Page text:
“I’m usually not depressed.” I smile. “Most of the time, I’m fine.”
That feels like a good place to start the conversation. Manage expectations. Set the stage.
Depression is painfully common, but it’s still so mystified. We’re embarrassed to say we feel depressed (at least to each other’s faces), and do not even speak of suicidal ideation. (Most people are too shocked to be helpful, and end up saying things that cause more harm than good.)*
People assume we’re just sad all the time (although some people with depression never feel sad), or that we don’t get out of bed. (Say that to the parent who can’t afford to stay in bed, because there are small humans who need to eat.) During some of my hardest times, I was in school full-time, and working a side job. I was a walking shell of a person, but I did all the things I “should” be doing.
(Side note: that is not a judgement call. Sometimes people do have a huge amount of trouble getting out of bed, and that is equally valid. Just a reminder that you can’t judge the severity of somebody’s struggles by outward appearances.)
Most of the time, I’m okay. But I’m depression-sensitive, which means I always need to make a conscious effort to not be depressed.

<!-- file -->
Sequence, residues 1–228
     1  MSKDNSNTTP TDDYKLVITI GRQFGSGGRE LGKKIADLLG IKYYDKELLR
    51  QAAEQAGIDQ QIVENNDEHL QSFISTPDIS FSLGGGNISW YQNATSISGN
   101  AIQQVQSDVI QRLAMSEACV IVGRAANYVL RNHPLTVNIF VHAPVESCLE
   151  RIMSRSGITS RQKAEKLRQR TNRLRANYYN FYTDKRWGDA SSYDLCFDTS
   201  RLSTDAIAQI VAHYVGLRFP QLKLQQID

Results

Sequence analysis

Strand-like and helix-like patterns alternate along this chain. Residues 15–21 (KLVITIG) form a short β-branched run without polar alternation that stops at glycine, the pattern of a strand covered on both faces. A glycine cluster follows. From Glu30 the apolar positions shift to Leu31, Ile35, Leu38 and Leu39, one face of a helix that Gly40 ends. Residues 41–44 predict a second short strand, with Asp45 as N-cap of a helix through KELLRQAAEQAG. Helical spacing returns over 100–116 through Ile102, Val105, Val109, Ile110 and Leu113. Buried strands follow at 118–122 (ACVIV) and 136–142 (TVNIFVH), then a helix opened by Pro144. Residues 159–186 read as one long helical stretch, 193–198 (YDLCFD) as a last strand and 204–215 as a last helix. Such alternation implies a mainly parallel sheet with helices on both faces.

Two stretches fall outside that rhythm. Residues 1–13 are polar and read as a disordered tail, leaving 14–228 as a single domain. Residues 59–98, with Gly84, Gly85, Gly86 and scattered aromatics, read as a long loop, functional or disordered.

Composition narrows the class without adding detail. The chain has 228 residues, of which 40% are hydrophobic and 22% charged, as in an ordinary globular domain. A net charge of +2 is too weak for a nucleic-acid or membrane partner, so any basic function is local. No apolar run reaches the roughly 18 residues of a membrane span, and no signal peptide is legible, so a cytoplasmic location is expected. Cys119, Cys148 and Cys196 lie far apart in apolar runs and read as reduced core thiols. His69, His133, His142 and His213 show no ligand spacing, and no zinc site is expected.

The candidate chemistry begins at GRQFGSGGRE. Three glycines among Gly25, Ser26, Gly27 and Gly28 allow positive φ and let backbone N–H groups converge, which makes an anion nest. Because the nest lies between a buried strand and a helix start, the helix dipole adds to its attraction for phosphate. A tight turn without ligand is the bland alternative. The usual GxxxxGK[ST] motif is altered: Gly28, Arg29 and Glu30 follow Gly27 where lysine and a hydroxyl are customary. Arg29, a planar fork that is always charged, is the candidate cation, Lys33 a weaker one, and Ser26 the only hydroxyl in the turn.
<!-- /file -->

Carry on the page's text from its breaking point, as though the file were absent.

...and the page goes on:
Some people manage with medication, which – in conversation with your doctor or mental health professional – can be a really powerful decision.
For me, right now, I manage through lifestyle choices. Exercise in particular seems to be really helpful.
That’s great, but that does mean there are a couple of major risk factors. Illness, injury, burnout, and travel can throw off my (mental health) routines and make it easier to slip.
Sometimes, you just need a rest day (or two, or three), but it can be difficult to see how far you’re sliding down until you’re back at the bottom.
For this purpose, I made a Depression Scale. Mine has a four-point scale (with the bonus 0 being a healthy baseline, which I only included because depression makes you believe your baseline is depression – it’s selfish like that). It starts with the first signs of sliding (1) and ends with full-blown mental health crisis, don’t let me out of your sight (4).
I rarely make it to a 4, but I’ve been at a solid 3 throughout most of the past week or two and it’s been hard. After almost three years, I finally caught Covid, which really knocked me out. I recovered just in time to travel to New York, and then had a combination of post-Covid fatigue, jet lag, new-place-anxiety, and the sudden seasonal shift into darkness that messed with both my physical and mental health. On top of losing my grandfather (I’ve written about the grief before), not getting into my dream school, major work chaos, and a potential move to a new country, it’s been a lot.
In the Depression Scale/Protection Plan document, each phase is accompanied by a few different categories:
- Signs: the symptoms of each phase and how I can recognise them (e.g. anhedonia, exhaustion, social isolation, suicidal ideation)
- Interventions: the things that might help me get back up to a “better” phase to slowly climb out of the hole (e.g. small positive habits, therapy, running, social support)